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Plans move forward on Áras Phádraig project

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By Sean Moriarty

Plans for the future development of the Áras Phádraig site will be revealed within the first six months of next year.

DESIGN: The design for the new Arás Phádraig.

At last November’s Killarney Municipal District meeting Kerry County Council engineer David Doyle presented plans for the future development of the town centre site that has been idle since 2009.

One of the key elements of the new Lewis Road project is the construction of the medical centre on the site. The centre will include doctor’s and dentist surgeries, an X-ray department and other primary care medical facilities. There are also plans to build a new car park on the site.

Cllr Brendan Cronin asked for an update on the project at yesterday's (Thursday) Killarney Municipal District meeting.

A Kerry County Council official said that a company called Reddy Architecture and Urbanism has been appointed to the project and it will provide a multi-disciplinary team including architectural, civil, mechanical and electrical engineering and quantity surveying services.

“[Reddy Architecture and Urbanism will provide] other specialists as required, for the preparation, design, tendering and overseeing of all works associated with the redevelopment of the Áras Phádraig site and car park at Killarney. Planning documentation will be finalised by Q2 2023,” said a Council official.

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Kerry base confirmed for Rás Mumhan

By Sean Moriarty Preliminary details of the Rás Mumhan have been announced by Cycling Munster. The four-day international cycle race will, once again, be based at the Riverisland Hotel in […]

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By Sean Moriarty

Preliminary details of the Rás Mumhan have been announced by Cycling Munster.

The four-day international cycle race will, once again, be based at the Riverisland Hotel in Castleisland and will run from Good Friday until Easter Monday.

The final route has not yet been revealed but it is expected to follow a similar path to the 2022 edition.

Last year, due to organisational difficulties, the Rás Mumhan committee asked local clubs to take charge of each day of the race.

Killarney Cycling Club hosted the Easter Saturday leg of the race, including managing the stage start in the town centre, the Category One mountain climb at Bealach Oisin Pass and the stage finish in Sneem.

“We are looking forward to seeing everyone at Easter and we wish all the riders the best of luck in their preparations for the event. Further details to follow as they are confirmed,” said Race Secretary Sinéad Moriarty.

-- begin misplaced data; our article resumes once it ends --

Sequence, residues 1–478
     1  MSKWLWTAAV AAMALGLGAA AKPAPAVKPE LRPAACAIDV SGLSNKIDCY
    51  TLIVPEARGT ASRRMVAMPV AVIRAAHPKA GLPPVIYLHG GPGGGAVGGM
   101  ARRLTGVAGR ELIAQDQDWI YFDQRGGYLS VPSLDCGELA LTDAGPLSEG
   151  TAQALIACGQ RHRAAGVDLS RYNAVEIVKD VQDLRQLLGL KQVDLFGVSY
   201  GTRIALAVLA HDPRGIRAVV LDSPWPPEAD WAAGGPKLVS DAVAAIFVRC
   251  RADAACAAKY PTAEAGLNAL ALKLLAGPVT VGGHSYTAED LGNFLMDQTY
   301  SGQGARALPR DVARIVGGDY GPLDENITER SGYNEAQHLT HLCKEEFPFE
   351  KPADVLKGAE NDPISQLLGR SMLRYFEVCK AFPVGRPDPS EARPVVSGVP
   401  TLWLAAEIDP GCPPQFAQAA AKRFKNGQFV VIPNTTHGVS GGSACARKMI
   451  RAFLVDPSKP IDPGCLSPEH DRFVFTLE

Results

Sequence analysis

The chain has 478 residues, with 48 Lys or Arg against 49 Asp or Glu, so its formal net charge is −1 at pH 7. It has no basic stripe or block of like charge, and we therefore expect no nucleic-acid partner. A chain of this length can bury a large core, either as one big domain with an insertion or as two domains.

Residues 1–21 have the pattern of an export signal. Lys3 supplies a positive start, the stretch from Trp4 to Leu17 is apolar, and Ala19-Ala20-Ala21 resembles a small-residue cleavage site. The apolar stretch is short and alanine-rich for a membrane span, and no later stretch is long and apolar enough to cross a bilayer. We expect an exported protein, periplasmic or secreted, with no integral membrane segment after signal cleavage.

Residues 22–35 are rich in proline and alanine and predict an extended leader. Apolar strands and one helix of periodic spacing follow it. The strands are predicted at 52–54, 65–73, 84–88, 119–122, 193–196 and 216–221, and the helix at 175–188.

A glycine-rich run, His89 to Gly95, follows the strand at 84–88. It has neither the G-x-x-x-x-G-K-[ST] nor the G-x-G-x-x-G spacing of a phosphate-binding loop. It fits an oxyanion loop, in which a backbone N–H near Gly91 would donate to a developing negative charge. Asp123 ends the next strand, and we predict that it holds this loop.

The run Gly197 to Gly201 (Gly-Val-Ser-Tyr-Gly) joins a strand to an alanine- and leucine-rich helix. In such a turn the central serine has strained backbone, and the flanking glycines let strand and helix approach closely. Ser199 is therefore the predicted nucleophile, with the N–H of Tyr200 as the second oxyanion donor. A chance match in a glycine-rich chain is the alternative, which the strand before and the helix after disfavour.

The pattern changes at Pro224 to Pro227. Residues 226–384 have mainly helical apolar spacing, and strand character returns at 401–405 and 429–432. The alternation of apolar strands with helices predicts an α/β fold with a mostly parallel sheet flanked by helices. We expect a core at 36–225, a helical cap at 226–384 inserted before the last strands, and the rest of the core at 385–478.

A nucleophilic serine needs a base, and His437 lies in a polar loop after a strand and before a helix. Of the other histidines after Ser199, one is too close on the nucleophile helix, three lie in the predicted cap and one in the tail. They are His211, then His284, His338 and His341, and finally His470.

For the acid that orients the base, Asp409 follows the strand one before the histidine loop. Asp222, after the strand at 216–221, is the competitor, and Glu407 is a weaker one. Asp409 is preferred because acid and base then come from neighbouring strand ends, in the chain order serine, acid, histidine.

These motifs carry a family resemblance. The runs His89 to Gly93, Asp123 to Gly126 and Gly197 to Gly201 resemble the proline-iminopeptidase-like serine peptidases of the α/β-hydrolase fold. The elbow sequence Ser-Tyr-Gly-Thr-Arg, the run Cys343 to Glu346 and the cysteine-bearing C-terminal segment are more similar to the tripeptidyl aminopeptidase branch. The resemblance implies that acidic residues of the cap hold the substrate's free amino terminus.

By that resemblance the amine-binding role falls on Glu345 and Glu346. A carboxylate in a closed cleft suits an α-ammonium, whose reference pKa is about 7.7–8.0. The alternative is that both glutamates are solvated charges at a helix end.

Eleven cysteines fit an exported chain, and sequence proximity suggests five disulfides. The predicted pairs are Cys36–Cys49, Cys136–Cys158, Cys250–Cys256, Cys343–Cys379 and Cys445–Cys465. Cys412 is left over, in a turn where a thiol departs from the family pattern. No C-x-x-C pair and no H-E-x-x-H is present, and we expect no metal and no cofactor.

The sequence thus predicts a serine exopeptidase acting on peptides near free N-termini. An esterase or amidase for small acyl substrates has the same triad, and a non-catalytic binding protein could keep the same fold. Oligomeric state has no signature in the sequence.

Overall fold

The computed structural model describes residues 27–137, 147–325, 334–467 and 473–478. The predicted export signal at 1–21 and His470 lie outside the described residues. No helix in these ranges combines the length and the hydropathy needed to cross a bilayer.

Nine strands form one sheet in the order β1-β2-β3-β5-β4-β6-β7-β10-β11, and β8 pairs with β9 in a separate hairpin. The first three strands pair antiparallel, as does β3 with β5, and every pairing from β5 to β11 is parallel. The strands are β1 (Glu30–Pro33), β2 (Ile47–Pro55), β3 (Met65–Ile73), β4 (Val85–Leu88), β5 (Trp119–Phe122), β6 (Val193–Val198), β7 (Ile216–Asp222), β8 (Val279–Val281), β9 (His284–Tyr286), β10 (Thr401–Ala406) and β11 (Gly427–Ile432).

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Showcasing Killarney to an influential audience

Kerry’s hospitality professionals turned out in style for the Skal President’s Dinner on Saturday night. It’s the social highlight of the year for professional tourism and travel organisations and it […]

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Kerry’s hospitality professionals turned out in style for the Skal President’s Dinner on Saturday night.

It’s the social highlight of the year for professional tourism and travel organisations and it was also a perfect opportunity to show the best of Killarney. Held in the Plaza Hotel, it was hosted by Kerry Skal President Michelle Rosney who used the occasion to highlight the best of Killarney’s performing arts talent, cuisine and locally produced drinks. There were special performances on the night by singers and dancers from St Brigid’s Presentation Secondary School and the West End House School of Arts who brought The Liberator, Daniel O’Connell, back to life for one night only to deliver a passionate dramatisation of a famous speech. Skal is the largest international hospitality networking organisation in the world with 13,000 members in 308 clubs in almost 90 countries. Fáilte Ireland Chairman Paul Carty said in his speech that the contribution Killarney has made to the Irish tourism industry should not be underestimated. He added that the tourism industry supports over 3,500 jobs in Killarney and over 7,000 in the rest of Kerry. He said the hard work put in by tourism professionals in Killarney over the years is paying off and when Fáilte Ireland surveyed hundreds of domestic and international tourists, at the height of the season last August, they couldn’t speak highly enough of their experience with 97 percent saying they were very satisfied. “The national figure is 90 percent so Killarney is actually seven percent higher than the national average and that’s truly exceptional,” he said. Over 55 percent of visitors to Killarney also spend time in other parts of Kerry and towns, like Dingle, Kenmare and Tralee, and really benefit from the spin-off.

INDUSTRY CHALLENGES

The Fáilte Ireland chairman said his organisation is acutely aware what Killarney has faced in recent years and the challenges it currently faces and every support possible will be provided to help.

Mr Carty said Fáilte Ireland last year launched a destination experience and development plan for Killarney and that will see the town reach its full potential through sustainability and the development of year-round tourist attractions.

He said costs were also a big concern with energy bills, in particular, going through the roof and putting businesses under serious pressure.

Staffing was another serious problem for the industry as so much talent was lost during the pandemic.

“An awful lot of great people left our industry and they’re not coming back, so there is a great shortage,” he said, adding that Fáilte Ireland was working hard to overcome the difficulties being experienced.

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